Secretary of State Mike Pompeo joined foreign ministers from fellow G7 countries to condemn the poisoning of Russian opposition leader Alexei Navalny in a Tuesday statement.
"We, the G7 foreign ministers of Canada, France, Germany, Italy, Japan, the United Kingdom and the United States of America and the High Representative of the European Union, are united in condemning, in the strongest possible terms, the confirmed poisoning of Alexei Navalny," the statement reads. "This attack against opposition leader Navalny is another grave blow against democracy and political plurality in Russia. It constitutes a serious threat to those men and women engaged in defending the political and civil freedoms that Russia herself has committed to guarantee."
Last week, Germany released toxicology findings confirming that Navalny was poisoned by Novichok, a Soviet-era nerve agent accessible to Russian president Vladimir Putin’s intelligence services. Novichok was notably employed in the attempted assassination of a Russian dissident in 2018 that resulted in the death of a British civilian.
After several weeks in a medically induced coma, Navalny emerged in improved condition on Monday.
As international pressure mounts on Russia for silencing Navalny and other prominent Russian critics in recent months, major economic and political partners of Moscow are reconsidering their commitments to the autocratic regime.
Prominent German opposition leaders and Republican lawmakers have called for Berlin to pull out of the Nord Stream 2 pipeline between Germany and Russia, which would funnel millions of dollars' worth of natural gas through central and eastern Europe per year.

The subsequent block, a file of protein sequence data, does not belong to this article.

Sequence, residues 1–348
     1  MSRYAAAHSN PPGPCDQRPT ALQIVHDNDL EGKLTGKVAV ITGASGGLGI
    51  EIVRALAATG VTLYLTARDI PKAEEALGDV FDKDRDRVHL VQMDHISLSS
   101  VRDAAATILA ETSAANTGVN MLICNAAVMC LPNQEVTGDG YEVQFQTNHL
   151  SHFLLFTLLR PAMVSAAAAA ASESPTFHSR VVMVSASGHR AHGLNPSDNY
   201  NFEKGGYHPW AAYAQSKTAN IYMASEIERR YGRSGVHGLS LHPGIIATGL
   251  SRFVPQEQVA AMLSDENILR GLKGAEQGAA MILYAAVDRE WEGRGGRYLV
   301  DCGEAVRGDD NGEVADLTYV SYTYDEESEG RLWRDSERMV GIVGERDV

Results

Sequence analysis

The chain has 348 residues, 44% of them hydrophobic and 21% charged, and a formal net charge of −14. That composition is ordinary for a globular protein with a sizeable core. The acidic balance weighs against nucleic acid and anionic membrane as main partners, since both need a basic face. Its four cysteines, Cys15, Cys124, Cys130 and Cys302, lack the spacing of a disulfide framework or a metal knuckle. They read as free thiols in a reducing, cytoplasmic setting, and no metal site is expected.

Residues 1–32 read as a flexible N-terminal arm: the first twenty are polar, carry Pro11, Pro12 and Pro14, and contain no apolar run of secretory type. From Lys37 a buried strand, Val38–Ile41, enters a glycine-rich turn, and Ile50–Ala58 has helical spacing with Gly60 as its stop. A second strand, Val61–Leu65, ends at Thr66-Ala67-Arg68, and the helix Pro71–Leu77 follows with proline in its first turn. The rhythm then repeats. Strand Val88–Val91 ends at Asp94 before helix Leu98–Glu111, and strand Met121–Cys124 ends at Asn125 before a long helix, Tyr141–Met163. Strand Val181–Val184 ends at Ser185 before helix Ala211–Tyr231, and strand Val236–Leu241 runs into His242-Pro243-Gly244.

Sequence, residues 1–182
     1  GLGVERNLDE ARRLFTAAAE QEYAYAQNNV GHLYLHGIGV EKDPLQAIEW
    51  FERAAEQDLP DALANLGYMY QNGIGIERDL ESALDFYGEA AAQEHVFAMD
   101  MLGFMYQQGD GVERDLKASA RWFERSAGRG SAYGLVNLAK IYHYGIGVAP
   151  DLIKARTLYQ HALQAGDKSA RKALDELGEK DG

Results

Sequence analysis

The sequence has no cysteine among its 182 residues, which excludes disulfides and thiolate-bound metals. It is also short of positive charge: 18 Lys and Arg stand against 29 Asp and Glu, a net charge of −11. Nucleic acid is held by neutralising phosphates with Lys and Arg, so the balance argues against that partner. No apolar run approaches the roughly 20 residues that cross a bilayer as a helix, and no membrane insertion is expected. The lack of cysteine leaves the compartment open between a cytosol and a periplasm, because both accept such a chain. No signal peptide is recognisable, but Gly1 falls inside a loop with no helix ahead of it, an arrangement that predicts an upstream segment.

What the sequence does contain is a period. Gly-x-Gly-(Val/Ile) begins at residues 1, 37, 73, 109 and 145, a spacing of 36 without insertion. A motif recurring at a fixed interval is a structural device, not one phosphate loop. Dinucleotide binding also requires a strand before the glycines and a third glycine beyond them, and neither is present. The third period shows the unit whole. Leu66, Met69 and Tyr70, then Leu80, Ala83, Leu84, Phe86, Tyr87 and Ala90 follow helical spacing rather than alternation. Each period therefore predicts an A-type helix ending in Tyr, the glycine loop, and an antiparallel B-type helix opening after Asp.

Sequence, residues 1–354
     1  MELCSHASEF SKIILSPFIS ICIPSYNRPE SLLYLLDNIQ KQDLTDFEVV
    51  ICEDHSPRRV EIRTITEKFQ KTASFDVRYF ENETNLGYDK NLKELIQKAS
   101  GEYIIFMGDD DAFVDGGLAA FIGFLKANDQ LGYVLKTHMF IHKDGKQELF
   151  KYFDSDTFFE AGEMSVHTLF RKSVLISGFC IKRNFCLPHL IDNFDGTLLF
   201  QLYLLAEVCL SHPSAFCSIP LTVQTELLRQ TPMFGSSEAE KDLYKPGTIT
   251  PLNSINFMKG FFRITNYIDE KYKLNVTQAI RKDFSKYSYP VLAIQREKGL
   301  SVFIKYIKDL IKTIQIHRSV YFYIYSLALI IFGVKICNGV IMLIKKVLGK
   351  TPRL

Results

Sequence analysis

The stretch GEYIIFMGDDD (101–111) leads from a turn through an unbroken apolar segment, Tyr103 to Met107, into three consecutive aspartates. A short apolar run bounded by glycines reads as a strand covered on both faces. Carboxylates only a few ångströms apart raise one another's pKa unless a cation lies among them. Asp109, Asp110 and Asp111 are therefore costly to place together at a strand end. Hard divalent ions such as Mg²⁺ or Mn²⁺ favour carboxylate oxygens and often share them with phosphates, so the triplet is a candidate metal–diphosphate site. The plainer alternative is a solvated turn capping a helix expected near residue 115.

Last week, Rep. Mike Gallagher (R., Wis.) called on German chancellor Angela Merkel to suspend the agreement. "It's long past time to end Nord Stream II," Gallagher tweeted last Thursday. "The free world should not be in the business of giving Vladimir Putin leverage."
Even before Gallagher’s rebuke of the Kremlin, Sens. Ted Cruz (R., Tex.), Tom Cotton (R., Ark.), and Ron Johnson (R., Wis.) wrote an open letter to a German port in August, urging quick action to decouple from Russian gas assets and threatening crushing sanctions to come if the pipeline’s status remains unchanged.
"The U.S. government knows that the Nord Stream 2 pipeline is near completion and considers it a grave threat to European energy security and American national security," the letter reads. "The administration and Congress, and both parties, are united in their commitment to ensure that the pipeline remains uncompleted and those threats are never realized."